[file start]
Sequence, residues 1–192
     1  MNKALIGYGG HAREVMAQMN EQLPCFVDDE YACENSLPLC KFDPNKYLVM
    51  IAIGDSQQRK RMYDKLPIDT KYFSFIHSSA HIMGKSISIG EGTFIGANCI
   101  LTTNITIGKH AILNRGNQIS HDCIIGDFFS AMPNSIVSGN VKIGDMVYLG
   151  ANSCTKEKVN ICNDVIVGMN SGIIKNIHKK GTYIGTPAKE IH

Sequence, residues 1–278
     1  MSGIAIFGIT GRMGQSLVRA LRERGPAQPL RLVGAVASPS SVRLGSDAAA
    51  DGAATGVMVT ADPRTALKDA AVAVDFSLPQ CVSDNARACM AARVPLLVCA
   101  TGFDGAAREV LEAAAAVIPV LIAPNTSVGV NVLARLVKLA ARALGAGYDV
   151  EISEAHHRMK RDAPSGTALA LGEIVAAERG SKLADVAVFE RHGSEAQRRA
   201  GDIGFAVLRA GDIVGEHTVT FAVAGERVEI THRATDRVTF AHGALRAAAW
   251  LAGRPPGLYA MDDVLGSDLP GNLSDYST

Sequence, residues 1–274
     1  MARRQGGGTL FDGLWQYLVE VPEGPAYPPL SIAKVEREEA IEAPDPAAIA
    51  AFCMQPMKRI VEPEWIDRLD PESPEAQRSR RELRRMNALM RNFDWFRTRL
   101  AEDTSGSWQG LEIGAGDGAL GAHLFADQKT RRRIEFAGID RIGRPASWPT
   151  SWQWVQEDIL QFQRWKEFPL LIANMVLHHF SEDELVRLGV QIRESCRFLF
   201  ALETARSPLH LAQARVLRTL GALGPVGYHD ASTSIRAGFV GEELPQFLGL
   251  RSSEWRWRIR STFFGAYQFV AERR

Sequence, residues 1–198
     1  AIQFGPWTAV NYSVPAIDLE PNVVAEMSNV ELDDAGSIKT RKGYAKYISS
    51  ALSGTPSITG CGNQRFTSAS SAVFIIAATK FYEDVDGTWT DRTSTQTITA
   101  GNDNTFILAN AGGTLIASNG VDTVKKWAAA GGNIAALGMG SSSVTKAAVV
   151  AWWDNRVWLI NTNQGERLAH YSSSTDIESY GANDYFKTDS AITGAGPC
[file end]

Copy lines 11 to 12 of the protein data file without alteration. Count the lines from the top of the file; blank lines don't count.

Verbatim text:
   201  GDIGFAVLRA GDIVGEHTVT FAVAGERVEI THRATDRVTF AHGALRAAAW
   251  LAGRPPGLYA MDDVLGSDLP GNLSDYST